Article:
In the 1950s Czech sculptor Jan Zach arrived in Victoria and was one of the few artists teaching modern art trends. He was known for fostering individual styles in his students whom included Robert de Castro and Elza Mayhew. Similarly, German emigré Herbert Siebner was a catalyst for the Point Group, comprised of twelve artists who exhibited at a Danish furniture store on Fort Street until 1962. More commercial art galleries opened throughout the 1960s and acted as venues for both exhibitions and social gatherings.
Established and new artists were drawn to Victoria for reasons including the environment, West Coast lifestyle, opportunities to teach, and relative newness of a modern art scene that allowed artists to freely create. In 1961, renowned artist Maxwell Bates came to Victoria and brought resident and newcomer artists together. He suggested a new group be formed in 1971, The Society of Limners. The grouped was named after traveling journeymen sign painters and artists of the middle ages. The members were a variety of painters, sculptors, printmakers, and ceramists – none adhering to a specific manifesto or subject. They became well known for being Victoria’s preeminent art group and were a culmination of a decade of collegial collaboration, interesting parties, and exchange while fostering their own individual styles.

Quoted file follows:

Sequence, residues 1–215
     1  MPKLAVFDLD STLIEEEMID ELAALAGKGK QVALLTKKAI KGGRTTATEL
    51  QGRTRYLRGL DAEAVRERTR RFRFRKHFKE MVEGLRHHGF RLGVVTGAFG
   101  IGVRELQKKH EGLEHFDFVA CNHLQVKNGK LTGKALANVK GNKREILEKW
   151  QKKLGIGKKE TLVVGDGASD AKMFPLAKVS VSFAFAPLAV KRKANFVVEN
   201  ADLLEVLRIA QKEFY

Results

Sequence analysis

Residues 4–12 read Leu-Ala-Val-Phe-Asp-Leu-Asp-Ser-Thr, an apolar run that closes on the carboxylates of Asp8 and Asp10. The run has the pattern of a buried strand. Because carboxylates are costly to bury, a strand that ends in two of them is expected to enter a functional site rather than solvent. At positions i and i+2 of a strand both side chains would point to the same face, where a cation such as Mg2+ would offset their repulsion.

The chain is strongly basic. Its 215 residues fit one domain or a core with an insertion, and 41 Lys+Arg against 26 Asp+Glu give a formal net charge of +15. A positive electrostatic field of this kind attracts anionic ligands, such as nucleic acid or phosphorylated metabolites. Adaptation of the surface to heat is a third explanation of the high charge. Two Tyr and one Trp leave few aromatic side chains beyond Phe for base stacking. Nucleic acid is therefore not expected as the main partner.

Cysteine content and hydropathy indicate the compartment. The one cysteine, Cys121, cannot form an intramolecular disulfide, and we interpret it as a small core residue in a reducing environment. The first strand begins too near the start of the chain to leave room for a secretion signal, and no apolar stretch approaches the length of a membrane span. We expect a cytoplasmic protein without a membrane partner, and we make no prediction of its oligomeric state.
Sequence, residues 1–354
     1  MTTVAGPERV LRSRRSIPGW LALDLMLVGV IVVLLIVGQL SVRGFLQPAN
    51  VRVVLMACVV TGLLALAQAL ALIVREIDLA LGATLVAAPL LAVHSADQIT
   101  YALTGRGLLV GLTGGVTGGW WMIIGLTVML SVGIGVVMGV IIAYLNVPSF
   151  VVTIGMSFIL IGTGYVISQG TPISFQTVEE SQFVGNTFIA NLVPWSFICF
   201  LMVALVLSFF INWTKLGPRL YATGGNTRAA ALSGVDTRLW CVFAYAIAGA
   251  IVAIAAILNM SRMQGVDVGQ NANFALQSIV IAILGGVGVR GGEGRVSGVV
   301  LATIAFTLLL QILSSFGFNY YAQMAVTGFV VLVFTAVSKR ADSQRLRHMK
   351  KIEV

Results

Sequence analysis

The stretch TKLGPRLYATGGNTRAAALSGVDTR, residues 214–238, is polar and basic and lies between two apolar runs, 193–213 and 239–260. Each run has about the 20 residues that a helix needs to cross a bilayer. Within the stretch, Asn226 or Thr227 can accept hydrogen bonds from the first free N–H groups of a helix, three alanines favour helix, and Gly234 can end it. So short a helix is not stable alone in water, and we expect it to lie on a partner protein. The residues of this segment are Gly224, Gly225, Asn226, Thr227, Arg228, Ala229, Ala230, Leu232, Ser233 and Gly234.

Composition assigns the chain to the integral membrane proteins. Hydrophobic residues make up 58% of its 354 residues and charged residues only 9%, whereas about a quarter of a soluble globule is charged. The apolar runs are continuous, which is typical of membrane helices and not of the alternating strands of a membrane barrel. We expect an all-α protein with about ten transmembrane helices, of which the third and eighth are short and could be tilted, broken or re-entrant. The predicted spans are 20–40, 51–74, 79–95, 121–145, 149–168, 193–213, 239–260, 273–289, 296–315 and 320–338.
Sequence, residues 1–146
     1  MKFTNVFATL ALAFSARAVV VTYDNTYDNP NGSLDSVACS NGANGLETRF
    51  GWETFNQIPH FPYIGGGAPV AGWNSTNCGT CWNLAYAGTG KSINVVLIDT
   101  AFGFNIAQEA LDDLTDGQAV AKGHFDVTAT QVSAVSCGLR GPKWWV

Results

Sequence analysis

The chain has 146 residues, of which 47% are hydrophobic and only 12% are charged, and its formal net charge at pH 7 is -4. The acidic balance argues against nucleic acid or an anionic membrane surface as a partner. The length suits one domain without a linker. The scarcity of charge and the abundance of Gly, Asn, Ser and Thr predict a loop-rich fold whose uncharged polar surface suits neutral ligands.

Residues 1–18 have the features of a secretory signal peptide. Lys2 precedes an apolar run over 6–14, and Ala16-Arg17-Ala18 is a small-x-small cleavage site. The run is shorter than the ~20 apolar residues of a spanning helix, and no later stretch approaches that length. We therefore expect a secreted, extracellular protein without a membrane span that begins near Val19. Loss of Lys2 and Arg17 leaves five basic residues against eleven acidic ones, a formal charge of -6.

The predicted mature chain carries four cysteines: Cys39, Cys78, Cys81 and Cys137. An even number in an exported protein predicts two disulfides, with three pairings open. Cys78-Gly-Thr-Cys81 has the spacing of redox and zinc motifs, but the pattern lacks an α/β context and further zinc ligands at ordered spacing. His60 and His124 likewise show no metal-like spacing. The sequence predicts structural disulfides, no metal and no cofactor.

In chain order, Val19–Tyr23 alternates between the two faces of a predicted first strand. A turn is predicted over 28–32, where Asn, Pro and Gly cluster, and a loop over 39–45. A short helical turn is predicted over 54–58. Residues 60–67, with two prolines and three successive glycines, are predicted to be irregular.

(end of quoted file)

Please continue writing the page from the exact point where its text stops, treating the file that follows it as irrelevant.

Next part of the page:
Point Group Members:
Richard Ciccimarra, Robert de Castro, Duncan de Kergommeaux, Flemming Jorgensen, Nita Forrest, Virginia Lewis, Elza Mayhew, Michael Morris, Molly Privett, Herbert Siebner, Sylvia Sutton, William “Bill” West
Maxwell Bates, Patricia Martin Bates, Richard Ciccimarra, Robert de Castro, Walter Dexter, Nita Forrest, Colin Graham, Helga Grove, Jan Grove, LeRoy Jensen, Elza Mayhew, Myfanwy Spencer Pavelic, Nikola Pavelic, Carole Sabiston, Herbert Siebner, Robin Skelton, Sylvia Skelton, Karl Spreitz, Jack Wilkinson
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